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Which employer-offered benefits are you taking advantage of? Do you know all of the benefits available to you? Not only do many employer-offered benefits provide impactful resources to you and your family, but some save you significant money and taxes. Below is a list of benefits that your employer may offer and the tax benefits of each. If you’re unsure of what is available to you, we recommend asking your employer for more information.
For a company that has 50 or more employees, the Affordable Care Act (Obamacare) requires the business to offer at least 95% of its full-time employees and their dependents (but not spouse) with affordable minimum essential health care coverage or be subject to a penalty. If you work for one of these larger employers and the company picks up the entire health insurance premium cost, consider yourself lucky, as the costs of health insurance coverage have risen dramatically over the last few years.
The tax-free benefit of what the employer covers is valuable. If you aren’t aware of the value of this nontaxable employee benefit, you can look at your Form W-2, box 12a, code DD, which shows your share of the cost of employer-sponsored health coverage.
Although some larger employers may provide a company-funded retirement plan that will pay you a monthly benefit when you retire, most generally offer 401(k) plans with which an employee can save for retirement by making pre-tax contributions of up to $19,500 for 2020. And if the employee is age 50 or over, they can qualify to make a catch-up contribution of up to $6,500, bringing the total to $26,000. Some employers also match their employees’ contributions up to a certain amount, which means an employee should endeavor to contribute at least the amount that the employer will match.
Certain transportation-related fringe benefits that an employer may provide to employees are tax-free to the employee, and the employer can deduct the cost. For 2020, the limit on tax-free employer reimbursements is $270 per month each for qualified parking, transit passes, and commuter transportation.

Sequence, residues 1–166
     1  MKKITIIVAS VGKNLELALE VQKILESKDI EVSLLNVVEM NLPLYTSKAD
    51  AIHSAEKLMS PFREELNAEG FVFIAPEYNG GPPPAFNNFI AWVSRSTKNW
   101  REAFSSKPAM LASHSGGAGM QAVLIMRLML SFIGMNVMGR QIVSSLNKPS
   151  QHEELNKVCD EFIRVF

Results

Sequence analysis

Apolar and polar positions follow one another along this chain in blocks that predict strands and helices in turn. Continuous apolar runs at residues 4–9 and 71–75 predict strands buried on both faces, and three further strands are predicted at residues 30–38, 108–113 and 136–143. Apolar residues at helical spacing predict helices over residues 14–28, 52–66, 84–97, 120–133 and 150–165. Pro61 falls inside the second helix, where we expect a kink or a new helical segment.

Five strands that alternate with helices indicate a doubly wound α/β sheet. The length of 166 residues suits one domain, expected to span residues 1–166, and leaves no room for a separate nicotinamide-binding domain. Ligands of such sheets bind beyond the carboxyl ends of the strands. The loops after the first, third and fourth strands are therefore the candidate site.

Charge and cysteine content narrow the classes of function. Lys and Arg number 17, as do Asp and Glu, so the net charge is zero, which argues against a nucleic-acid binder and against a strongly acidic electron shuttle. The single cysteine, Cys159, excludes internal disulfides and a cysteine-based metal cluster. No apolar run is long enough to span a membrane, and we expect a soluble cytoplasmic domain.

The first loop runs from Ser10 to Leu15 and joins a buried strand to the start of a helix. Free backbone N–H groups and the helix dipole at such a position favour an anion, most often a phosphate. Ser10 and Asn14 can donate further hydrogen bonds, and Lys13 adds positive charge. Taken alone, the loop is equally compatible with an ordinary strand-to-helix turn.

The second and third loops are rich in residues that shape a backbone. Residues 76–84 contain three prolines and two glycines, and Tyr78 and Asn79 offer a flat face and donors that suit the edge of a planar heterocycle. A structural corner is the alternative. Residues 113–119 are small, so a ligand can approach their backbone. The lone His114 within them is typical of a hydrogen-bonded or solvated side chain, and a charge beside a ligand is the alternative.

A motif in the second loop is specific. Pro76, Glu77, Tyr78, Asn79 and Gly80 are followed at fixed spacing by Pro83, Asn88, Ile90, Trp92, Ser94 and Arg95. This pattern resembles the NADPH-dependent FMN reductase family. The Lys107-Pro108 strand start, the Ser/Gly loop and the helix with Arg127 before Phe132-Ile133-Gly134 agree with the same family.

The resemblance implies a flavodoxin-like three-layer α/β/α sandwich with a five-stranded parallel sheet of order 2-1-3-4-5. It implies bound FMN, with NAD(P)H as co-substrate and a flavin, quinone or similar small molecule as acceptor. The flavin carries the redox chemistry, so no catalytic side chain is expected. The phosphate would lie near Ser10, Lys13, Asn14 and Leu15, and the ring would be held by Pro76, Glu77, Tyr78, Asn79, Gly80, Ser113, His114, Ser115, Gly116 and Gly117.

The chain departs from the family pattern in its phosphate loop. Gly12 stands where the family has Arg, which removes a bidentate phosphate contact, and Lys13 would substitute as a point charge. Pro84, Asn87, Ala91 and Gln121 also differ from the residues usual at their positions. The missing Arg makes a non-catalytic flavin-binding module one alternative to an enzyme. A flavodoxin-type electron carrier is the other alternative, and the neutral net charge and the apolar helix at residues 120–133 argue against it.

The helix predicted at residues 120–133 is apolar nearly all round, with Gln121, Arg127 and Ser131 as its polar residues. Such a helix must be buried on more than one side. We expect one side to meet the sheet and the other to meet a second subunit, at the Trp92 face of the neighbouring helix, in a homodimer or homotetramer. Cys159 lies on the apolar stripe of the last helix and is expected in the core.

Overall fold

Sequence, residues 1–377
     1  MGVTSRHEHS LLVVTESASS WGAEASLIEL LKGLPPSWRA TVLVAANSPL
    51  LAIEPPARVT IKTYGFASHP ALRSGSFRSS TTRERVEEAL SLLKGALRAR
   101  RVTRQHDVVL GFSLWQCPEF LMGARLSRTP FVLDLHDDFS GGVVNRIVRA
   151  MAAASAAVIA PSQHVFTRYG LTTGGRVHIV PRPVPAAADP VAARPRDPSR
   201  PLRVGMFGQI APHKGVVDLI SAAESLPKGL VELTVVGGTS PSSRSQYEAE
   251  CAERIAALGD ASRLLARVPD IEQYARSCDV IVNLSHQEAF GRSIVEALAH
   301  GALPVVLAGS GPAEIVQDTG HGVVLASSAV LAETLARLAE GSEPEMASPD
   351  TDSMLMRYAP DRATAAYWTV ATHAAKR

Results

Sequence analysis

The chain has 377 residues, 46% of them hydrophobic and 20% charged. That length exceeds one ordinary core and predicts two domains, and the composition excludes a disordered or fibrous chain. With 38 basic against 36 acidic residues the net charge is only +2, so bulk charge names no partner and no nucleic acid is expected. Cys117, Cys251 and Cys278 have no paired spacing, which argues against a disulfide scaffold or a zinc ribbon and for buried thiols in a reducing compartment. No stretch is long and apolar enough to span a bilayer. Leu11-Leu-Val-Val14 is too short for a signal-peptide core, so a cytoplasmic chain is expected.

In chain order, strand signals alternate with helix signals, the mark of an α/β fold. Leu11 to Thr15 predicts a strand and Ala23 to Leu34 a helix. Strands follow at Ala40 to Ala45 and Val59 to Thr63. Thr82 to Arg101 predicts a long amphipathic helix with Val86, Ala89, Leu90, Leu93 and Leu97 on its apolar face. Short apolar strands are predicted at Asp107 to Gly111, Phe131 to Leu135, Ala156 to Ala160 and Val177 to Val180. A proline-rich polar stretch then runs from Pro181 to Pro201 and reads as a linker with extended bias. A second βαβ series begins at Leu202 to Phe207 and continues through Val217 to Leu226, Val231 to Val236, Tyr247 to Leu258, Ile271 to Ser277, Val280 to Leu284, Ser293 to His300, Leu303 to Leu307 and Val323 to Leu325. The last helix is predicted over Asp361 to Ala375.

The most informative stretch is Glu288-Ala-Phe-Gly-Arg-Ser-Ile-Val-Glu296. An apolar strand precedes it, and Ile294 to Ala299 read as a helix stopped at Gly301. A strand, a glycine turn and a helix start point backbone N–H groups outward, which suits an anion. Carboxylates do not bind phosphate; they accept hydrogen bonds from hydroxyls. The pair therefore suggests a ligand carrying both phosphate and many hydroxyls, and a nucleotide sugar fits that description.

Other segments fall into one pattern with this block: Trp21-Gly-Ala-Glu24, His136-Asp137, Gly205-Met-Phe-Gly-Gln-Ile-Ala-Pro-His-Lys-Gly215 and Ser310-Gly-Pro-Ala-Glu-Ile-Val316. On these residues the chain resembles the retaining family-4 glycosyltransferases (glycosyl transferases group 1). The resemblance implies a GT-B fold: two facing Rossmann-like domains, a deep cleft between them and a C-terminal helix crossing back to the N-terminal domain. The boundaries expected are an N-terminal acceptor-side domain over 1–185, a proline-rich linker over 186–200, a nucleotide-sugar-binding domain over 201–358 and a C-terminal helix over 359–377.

This is a special account established by an employer that allows employees to contribute to the account through salary-reduction contributions. The benefit is that the contributions are pre-tax, meaning the employee doesn’t pay taxes on the money contributed to the account. The FSA account can be used to pay for health plan deductibles, co-payments, and even some over-the-counter-medications with pre-tax dollars. The annual limit on contributions is inflation adjusted and is $2,750 for 2020. However, if you don’t use the money in your FSA, you’ll lose it.
The cost for the first $50,000 of group term life insurance (GTLI) coverage provided by an employer is excluded from the employee’s taxable income. However, the employer-paid cost of group term coverage in excess of $50,000 is taxable income to the employee, even if he or she never receives it.
An employee doesn’t have to include in his or her income amounts paid by the employer for educational assistance under a qualified education-assistance program. The maximum amount of educational assistance that an employee can exclude is $5,250 for any calendar year. Excludable assistance under a qualified plan includes, among others, tuition, fees, books, supplies, and equipment. The education is any training that improves an individual’s capabilities, whether or not it is job-related or part of a degree program.
An employee may exclude amounts paid or expenses incurred by the employer for qualified adoption expenses connected to the employee’s adoption of a child, if the amounts are furnished under an adoption-assistance program in existence before the expenses are incurred. If the adopted child is a special needs child, the exclusion applies regardless of whether the employee actually has adoption expenses. The maximum exclusion amount is inflation adjusted annually and is $14,300 for 2020 per child, for both non-special needs and special needs adoptions. The exclusion is phased out when the employee’s modified adjusted gross income is between $214,520 and $254,520 for 2020. Taxpayers can claim a tax credit for qualified adoption expenses, subject to the same phaseout range as for the exclusion, but any excludable employer-paid expenses can’t be used for the credit.
Qualified payments made or reimbursed by an employer on behalf of an employee for child and dependent care assistance are excluded from the employee’s gross income. The amount of the exclusion is limited to the lesser of $5,000 ($2,500 for married individuals filing separately), the employee’s earned income, or the income of the employee’s spouse. A child and dependent care tax credit is available to taxpayers, but no credit is allowed to an employee for any amount excluded from income under his or her employer’s dependent care assistance program.
Employees who have a high-deductible health plan through their employer can open a health savings account (HSA) and make annually inflation-adjusted pre-tax contributions, which, for 2020, can be up to $7,100 for families and $3,550 for a single individual. When distributions are made for medical expenses, the money comes out tax-free. However, distributions not used to pay qualified medical expenses are taxable, and if the plan’s owner is under the age of 65, nonqualified distributions are subject to a 20% penalty. Some individuals let the account grow and treat it as a supplemental retirement plan, waiting until after age 65 to begin taking taxable but penalty-free distributions.
If you have any questions about how employer-offered benefits might apply to you or if you are an employer interested in providing any of these benefits to your employees, please contact Cray Kaiser.